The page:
Resource-rich countries must compete to attract mining investment. There is limited capital worldwide, and, as such, investors are weighing opportunities according to the quality and location of the resource and the policy environment. There is a risk, however, that, in competing for investment, countries offer unnecessary or badly designed tax incentives, leading them to forgo vital revenues in exchange for often illusive benefits.
A tax holiday is one such incentive that is likely to have a limited impact on investment decisions and is extremely costly for governments. Yet, in a review of mining tax incentives in 21 countries, the IGF finds that more than half offer a complete exemption from corporate income tax for nine years on average. Tax holidays are particularly common in African countries, which are also more likely to grant incentives in mining contracts than the primary law, raising concerns about the potential for corruption.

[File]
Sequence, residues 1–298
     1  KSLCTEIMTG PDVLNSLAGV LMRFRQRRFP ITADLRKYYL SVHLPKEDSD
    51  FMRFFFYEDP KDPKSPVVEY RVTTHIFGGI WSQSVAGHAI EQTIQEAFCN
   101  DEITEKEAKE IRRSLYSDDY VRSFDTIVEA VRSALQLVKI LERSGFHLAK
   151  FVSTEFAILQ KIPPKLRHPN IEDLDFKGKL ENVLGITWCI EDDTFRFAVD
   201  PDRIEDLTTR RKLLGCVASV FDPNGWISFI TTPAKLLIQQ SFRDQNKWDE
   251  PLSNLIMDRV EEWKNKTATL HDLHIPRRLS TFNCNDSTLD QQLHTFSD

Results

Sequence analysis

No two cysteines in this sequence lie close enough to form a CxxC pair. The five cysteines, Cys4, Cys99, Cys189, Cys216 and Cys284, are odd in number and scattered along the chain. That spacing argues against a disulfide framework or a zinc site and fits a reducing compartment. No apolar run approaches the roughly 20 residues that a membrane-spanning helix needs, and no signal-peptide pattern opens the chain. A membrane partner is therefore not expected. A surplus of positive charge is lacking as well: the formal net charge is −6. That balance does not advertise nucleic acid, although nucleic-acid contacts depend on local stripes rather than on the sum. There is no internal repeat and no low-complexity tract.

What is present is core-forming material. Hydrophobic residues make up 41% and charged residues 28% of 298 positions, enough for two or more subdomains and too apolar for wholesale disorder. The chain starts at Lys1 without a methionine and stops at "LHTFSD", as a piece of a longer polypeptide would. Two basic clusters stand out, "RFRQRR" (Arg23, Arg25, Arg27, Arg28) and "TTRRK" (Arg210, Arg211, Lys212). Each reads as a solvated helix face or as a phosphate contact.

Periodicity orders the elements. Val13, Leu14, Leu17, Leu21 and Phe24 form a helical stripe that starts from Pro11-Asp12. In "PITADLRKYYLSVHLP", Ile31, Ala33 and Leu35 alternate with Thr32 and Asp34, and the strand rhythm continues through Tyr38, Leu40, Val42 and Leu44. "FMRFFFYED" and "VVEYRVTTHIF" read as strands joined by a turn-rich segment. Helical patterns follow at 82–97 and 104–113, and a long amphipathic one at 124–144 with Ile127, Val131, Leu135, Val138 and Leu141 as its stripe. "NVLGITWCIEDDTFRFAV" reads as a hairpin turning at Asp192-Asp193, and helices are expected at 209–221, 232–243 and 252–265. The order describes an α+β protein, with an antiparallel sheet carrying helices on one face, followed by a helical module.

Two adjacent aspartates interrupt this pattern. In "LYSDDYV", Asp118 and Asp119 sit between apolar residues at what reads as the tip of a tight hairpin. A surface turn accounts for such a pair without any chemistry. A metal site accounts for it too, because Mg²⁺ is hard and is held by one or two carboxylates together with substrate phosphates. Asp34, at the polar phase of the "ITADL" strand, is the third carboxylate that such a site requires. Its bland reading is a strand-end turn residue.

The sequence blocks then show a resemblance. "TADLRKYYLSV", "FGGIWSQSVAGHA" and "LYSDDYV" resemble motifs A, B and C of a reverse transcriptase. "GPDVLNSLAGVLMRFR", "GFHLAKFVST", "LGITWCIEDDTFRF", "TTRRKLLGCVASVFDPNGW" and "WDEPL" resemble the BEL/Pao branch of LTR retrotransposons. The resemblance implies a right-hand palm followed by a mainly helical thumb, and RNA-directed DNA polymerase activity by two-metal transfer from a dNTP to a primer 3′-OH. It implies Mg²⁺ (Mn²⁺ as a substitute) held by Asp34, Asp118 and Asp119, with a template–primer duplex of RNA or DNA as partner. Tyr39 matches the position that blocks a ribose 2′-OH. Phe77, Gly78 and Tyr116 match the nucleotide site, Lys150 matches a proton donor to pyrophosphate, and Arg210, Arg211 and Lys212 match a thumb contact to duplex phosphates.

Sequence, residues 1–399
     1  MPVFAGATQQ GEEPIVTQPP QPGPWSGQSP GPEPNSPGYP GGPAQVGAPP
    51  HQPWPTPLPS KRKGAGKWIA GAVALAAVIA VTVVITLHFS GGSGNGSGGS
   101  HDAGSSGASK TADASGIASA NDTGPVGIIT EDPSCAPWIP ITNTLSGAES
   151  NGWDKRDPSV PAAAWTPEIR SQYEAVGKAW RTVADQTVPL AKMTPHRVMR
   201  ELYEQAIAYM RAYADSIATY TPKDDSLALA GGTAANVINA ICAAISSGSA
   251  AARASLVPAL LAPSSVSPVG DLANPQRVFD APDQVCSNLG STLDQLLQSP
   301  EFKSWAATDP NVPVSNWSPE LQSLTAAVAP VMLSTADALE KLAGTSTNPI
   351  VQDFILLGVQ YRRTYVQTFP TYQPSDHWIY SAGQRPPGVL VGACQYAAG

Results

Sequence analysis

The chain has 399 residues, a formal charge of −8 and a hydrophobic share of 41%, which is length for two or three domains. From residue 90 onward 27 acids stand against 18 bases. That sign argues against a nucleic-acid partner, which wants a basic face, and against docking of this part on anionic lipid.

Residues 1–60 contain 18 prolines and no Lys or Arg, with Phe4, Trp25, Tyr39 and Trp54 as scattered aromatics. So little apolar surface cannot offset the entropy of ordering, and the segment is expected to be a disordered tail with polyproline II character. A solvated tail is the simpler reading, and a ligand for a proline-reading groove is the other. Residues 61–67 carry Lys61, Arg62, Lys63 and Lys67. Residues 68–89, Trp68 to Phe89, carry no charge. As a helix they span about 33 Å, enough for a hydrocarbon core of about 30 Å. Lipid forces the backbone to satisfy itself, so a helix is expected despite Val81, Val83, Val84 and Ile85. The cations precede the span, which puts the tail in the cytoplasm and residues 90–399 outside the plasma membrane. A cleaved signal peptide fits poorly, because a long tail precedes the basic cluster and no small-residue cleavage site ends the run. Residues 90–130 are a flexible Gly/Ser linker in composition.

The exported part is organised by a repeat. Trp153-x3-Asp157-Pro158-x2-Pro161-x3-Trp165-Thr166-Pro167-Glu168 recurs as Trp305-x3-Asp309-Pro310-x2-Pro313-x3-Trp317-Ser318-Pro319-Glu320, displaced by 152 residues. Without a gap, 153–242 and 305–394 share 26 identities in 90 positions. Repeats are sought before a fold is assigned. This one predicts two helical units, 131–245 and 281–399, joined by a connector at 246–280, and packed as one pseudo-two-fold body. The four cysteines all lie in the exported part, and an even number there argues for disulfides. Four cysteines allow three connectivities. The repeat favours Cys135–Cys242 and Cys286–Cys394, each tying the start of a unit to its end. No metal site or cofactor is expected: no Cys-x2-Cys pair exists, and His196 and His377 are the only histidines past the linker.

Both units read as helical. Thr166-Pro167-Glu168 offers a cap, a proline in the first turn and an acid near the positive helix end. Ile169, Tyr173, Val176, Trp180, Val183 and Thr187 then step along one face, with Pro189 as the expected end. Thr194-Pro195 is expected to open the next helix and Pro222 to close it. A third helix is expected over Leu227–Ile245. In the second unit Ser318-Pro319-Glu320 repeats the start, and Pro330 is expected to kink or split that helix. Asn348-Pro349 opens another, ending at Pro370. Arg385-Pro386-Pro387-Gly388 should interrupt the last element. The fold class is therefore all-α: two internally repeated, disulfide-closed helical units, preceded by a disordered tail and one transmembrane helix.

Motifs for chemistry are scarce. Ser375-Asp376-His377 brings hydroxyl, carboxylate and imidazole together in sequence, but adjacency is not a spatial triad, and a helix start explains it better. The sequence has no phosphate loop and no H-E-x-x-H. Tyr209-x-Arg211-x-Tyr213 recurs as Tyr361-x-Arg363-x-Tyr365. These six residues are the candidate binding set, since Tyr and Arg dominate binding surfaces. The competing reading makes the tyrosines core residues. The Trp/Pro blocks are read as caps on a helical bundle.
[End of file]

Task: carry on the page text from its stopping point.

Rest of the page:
Tax incentives may also elicit behavioural responses by industry that increase the cost to governments. Continuing with the example of tax holidays, investors may speed up the rate of production in order to push all of their income into the tax-free period. The result is that the amount of tax relief is well above that originally envisaged by the government. In this webinar, we quantify this and other risks to revenue.